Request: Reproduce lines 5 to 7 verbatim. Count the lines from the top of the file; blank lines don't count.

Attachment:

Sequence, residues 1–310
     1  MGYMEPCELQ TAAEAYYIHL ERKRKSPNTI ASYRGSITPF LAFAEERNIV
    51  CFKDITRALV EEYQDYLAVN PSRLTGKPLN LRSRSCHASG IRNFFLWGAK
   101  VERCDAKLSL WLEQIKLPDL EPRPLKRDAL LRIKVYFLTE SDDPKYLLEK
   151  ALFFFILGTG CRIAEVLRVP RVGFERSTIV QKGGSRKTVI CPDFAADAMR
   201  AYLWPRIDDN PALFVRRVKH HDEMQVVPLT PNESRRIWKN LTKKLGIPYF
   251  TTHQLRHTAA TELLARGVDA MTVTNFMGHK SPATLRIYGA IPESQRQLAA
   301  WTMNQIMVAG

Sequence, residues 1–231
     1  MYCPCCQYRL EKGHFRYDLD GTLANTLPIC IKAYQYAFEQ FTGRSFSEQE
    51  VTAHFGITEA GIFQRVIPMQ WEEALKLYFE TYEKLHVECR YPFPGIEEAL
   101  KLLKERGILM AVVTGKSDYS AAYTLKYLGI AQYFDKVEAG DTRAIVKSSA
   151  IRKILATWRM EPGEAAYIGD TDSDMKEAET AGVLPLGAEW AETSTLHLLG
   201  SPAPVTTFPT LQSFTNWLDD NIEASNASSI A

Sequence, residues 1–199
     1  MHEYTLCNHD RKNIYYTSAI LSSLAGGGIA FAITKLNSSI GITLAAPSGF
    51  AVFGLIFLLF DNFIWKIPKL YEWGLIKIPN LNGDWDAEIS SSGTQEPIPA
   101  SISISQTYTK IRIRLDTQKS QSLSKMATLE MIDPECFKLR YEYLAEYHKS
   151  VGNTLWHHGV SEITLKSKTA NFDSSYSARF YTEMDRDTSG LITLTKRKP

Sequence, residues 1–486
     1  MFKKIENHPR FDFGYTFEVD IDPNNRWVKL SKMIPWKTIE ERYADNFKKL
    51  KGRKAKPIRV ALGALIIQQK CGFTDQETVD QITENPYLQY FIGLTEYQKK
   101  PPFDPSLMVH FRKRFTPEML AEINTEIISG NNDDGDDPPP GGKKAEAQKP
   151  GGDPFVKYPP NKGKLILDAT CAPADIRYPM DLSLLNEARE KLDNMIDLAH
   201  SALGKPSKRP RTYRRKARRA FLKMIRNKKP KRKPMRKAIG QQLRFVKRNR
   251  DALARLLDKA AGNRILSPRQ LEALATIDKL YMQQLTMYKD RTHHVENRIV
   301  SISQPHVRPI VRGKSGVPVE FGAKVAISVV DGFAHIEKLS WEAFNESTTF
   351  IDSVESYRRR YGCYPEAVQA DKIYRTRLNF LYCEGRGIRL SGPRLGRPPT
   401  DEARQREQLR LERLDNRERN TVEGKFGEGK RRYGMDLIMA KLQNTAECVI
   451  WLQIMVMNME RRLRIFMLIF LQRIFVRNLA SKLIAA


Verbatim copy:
   151  ALFFFILGTG CRIAEVLRVP RVGFERSTIV QKGGSRKTVI CPDFAADAMR
   201  AYLWPRIDDN PALFVRRVKH HDEMQVVPLT PNESRRIWKN LTKKLGIPYF
   251  TTHQLRHTAA TELLARGVDA MTVTNFMGHK SPATLRIYGA IPESQRQLAA